In the dying days of Sega’s Dreamcast a new console was taking shape that would change the gaming landscape in fundamental ways, both introducing new concepts and a new competitor to the scene. An industry long ruled from Japan, Microsoft’s Xbox console was not only a shot across the bow from America but also represented the first genuine merging of the PC gaming world and home console gaming markets.
The Original Xbox Logo
Of course, the Xbox wasn’t Microsoft’s first foray into the world of video games, nor was it the last, but it was the first major home console from an American manufacturer since Atari. Armed with Microsoft’s technical knowhow, connections, and war chest of funds, the Xbox was slated to make a huge impact when it released to markets in November 2001 and make an impact it did.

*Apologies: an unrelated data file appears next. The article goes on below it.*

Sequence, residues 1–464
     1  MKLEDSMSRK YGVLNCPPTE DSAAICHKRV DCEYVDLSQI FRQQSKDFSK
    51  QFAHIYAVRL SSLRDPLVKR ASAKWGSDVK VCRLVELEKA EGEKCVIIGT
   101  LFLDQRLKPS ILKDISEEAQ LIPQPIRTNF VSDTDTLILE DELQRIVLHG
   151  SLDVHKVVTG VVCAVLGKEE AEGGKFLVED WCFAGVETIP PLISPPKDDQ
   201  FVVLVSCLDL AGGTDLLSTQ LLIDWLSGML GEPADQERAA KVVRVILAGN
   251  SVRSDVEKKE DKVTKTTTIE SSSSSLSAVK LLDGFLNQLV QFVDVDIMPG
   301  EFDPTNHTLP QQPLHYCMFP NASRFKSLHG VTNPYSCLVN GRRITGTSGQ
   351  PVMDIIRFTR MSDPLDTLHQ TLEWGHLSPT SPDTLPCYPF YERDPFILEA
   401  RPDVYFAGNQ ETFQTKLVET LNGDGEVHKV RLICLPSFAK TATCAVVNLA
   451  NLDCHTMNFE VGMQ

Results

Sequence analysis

It was an impressive piece of kit for the time – easily the most powerful home console on the market – and its competition, in the form of the PlayStation 2, was not only popular but history making, going on to become the best-selling home console of all time.
Xbox 360
That didn’t stop Microsoft’s experiment and the original was successful enough to warrant a follow up in the Xbox 360, a machine that gave the PlayStation 3 a run for its money and which cemented Microsoft’s position in the home console market for years to come.
The origins of the Xbox start all the way back in the 1980s if you’re really looking into Microsoft’s history with the gaming world. Back then, in Japan, the company released a console called the MSX, a proposed standardized format for computer gaming backed by Microsoft and manufactured by other companies, Sony among them.
Similar to the later failed 3DO system business plan in terms of market execution, the MSX